Bishop Says Catholic Schools Are Not the First Priority

Deal W. Hudson
December 20, 2007

Bishops are closing Catholic schools all over the country because they can no longer afford them. But this is the story of one school being closed that doesn’t cost the bishops a penny.

Seventy-five-year-old St. Augustine Catholic School is the only Catholic school in Ocean City, New Jersey. Supported by three local parishes, St. Augustine’s serves 112 students and is funded completely by the local parishes, parents, and community supporters.

Yet on November 29, Bishop Joseph A. Galante (Camden) announced that St. Augustine’s will be closed at the end of this academic year. Seven other diocesan elementary schools will be “clustered” with existing schools.

“We do this, and we do it now because we must,” Galante wrote in a statement. “With fewer students, the school has become a financial drain on local parishes,” he said.

St. Augustine’s receives 25 percent of these parishes’ budgets, according to Andrew Walton, director of communications for the Camden diocese.

“With 4,000 families in these parishes and only 112 students it’s a matter of justice in the use of resources,” explained Walton.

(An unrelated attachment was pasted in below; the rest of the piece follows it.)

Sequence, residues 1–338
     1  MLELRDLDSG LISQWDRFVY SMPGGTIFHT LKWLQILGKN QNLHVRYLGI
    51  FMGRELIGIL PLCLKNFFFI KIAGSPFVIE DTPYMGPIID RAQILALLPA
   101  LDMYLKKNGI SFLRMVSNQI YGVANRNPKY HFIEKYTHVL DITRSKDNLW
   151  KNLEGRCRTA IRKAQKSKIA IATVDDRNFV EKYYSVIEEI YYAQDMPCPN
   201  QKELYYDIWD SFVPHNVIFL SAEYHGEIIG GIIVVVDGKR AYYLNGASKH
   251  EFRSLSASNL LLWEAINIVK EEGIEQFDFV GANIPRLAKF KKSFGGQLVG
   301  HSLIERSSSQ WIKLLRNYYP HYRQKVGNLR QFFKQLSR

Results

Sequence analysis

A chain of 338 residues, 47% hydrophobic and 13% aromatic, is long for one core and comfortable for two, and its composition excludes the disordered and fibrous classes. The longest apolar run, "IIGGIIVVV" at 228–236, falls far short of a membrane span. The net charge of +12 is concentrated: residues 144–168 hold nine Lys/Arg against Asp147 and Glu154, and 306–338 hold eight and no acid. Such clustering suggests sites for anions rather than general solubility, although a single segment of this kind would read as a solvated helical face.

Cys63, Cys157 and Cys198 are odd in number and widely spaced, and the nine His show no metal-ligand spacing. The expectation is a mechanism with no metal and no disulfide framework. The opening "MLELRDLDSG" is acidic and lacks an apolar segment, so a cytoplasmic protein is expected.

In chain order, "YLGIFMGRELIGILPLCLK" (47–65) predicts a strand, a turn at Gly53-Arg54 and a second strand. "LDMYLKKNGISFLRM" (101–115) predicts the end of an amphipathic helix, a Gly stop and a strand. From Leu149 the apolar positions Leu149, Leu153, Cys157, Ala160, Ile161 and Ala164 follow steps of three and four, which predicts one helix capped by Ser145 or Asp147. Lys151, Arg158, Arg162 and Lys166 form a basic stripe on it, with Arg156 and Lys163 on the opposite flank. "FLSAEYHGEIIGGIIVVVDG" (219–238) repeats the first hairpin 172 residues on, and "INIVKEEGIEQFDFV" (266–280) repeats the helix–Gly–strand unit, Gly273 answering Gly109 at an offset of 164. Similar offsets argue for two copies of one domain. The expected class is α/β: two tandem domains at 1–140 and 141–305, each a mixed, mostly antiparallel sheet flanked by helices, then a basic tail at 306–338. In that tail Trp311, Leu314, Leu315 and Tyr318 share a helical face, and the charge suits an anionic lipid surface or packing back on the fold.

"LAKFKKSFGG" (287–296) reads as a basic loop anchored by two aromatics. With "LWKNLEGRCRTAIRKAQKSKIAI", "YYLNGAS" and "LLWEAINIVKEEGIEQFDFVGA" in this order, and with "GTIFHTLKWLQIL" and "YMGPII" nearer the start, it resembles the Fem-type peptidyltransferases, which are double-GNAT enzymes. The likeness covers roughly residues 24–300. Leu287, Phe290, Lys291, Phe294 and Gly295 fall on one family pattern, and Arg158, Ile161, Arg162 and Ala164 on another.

As reported in the Philadephia Inquirer, Bishop Galante’s new plan means diocesan schools will not be allowed to support themselves. Parishes will send a percentage of their budget to a central fund, which will be distributed by the bishop to all the schools in the diocese.

But Harry Vanderslice and parents from all three parishes are fighting to keep the school open. Vanderslice attended St. Augustine’s, as do his children. “Why should our parish money supporting St. Augustine’s be given to the diocese so that it can support different schools? This is going to be a huge blow to the Catholic community in Ocean City.”

The impact predicted by Vanderslice on the three parishes supporting St. Augustine’s is ironic. The reorganization of the schools is part of Bishop Galante’s larger plan to increase the vitality of parish life, and adult spiritual formation in particular.